Universities routinely name buildings, campuses and scholarships after important figures in their history, but a full-scale holiday?
For 140 years, Dalhousie students, faculty and staff have enjoyed the luxury of Munro Day — a university-wide day off during the bustle of the busy winter term. And this year, as the global pandemic continues to drag on, the Dal community may appreciate the break from classes and regular business — happening tomorrow, February 5 — more than ever.
While it might seem unorthodox for a university to have its very own holiday, so, too, is it unusual for one individual to play such a pivotal role in a university's story at such a critical time.
A noble rescue
Pictou County, N.S.-born George Munro, for whom the holiday is named, has been called Dalhousie’s greatest benefactor and was even described in the pages of the Dalhousie Gazette as the university’s “second founder.”
“The heart of Dalhousie throbs with gratitude to him for his noble work,” reads a short notice on the cover page of the January 31, 1889 edition of the student-run newspaper.
Shown right, an invitation to an 1891 George Munro Day celebration.
Dig a bit into Munro’s story, and it quickly becomes clear just how integral his financial contributions in the 1870s and 1880s — drawn from a fortune he’d made as a publisher in New York — were to helping Dalhousie weather a particularly stormy period.
As historian P.B. Waite once wrote of that period, “Desperate is not too strong a word for Dalhousie’s financial condition. Talk of closing Dalhousie down was heard on every side.”
Munro’s annual gifts — including money to fund still-existing chairs in Physics, History, English Literature and Rhetoric, Law and Philosophy, as well as bursaries that supported some of Dal’s first female students — were considered monumental and described by the university’s Board of Governors as “without parallel in the educational history not of Nova Scotia alone but of the Dominion of Canada.”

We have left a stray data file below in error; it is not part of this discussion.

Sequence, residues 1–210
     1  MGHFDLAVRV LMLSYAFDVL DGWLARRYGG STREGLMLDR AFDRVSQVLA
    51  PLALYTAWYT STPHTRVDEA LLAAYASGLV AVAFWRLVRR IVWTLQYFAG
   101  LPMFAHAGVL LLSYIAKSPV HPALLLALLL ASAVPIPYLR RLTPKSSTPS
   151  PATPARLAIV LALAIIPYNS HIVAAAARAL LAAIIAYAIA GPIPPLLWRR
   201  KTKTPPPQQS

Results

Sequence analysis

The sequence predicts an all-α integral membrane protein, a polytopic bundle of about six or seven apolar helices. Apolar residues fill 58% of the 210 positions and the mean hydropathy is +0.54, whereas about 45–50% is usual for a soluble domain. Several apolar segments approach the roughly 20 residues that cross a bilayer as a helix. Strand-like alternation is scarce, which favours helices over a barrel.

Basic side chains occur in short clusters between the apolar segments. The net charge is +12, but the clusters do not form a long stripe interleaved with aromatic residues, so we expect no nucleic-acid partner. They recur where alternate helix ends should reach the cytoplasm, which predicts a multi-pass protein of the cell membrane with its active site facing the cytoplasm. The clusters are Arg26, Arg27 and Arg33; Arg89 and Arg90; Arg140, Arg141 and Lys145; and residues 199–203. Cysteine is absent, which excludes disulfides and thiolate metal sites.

Taken together, Munro’s donations to Dalhousie amounted to roughly $330,000 — or about $10 million in today’s dollars.
With Munro to thank for so much, read on below to learn a bit more about the holiday named in his honour:
- It was created by students In July 1881, students demanded via petition to the Board of Governors of Dalhousie that a holiday be created in honour of Munro and his generosity and their wish was granted.
- Different days The holiday wasn't always celebrated on the first Friday of February as it is now. When it was first established, The George Munro Memorial Day took place each year on the third Wednesday of January. And, later, in the 1920s, the holidays was shifted to the second Tuesday in March "so that students might better enjoy it."
- Celebratory traditions When it was first created, Munro Day featured a wintry sleigh ride to an elegant dinner party in Bedford. It also used to feature a university lecture open to all members of the Dal community, but that was discontinued in 1928. Following that, the holiday began to develop a decidely more social flavour, with musicals, dramas, pie-throwing contests, sports games, a day-long radio show, beauty contests, and dances, according to the March 1960s issue of the Gazette. The paper described it as the "spring swan song of organized student activities at Dalhousie." In more recent decades, the day has become an opportunity for students to get outdoors, enjoying a day on the slopes through a Dalhousie Student Union organzied ski trip or volunteering in the community.
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